Bosnian crisis

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The Bosnian Crisis of 1908–1909, also known as the Annexation crisis, or the First Balkan Crisis, erupted into public view when on 6 October 1908, Austria-Hungary announced the annexation of Bosnia and Herzegovina. Russia, the Ottoman Empire, Britain, Italy, Serbia, Montenegro, Germany and France took an interest in these events. In April 1909 the Treaty of Berlin was amended to accept the new status quo bringing the crisis to an end. The crisis permanently damaged relations between Austria-Hungary on the one hand and Russia and Serbia on the other. The annexation and reactions to the annexation were contributing causes of World War I.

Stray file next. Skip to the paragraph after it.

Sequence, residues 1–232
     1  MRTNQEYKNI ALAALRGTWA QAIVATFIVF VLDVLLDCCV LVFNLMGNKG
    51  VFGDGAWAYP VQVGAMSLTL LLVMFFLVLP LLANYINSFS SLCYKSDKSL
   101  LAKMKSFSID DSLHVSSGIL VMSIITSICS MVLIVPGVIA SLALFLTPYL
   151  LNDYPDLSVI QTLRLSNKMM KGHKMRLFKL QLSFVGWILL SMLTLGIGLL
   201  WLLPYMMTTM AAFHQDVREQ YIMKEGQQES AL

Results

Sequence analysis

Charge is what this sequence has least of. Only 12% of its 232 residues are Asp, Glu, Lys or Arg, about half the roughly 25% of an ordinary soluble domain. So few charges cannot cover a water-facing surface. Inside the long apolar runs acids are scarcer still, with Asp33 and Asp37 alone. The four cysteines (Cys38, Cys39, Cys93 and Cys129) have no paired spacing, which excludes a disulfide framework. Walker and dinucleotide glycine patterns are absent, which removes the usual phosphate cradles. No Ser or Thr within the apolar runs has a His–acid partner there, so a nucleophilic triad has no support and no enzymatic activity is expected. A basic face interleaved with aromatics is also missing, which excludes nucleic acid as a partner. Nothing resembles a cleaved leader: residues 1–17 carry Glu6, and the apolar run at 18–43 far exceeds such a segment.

Under article 25 of the Treaty of Berlin of 1878, Austria-Hungary received special rights in the Ottoman Empire's provinces of Bosnia-Herzegovina and the Sanjak of Novi Pazar. Article 25 stated: "The provinces of Bosnia and Herzegovina shall be occupied and administered by Austria-Hungary." and continued "... Austria-Hungary reserves the right to maintain garrisons and to have military and trading roads over the whole area of that portion" (the Sanjak of Novibazar) "of the ancient Vilayet of Bosnia." Austria-Hungary exercised its rights, taking firm control of Bosnia-Herzegovina and jointly occupying the Sanjak of Novibazar together with the Ottoman Empire. This state of affairs persisted from 1878 until the outbreak of the crisis in 1908. The...
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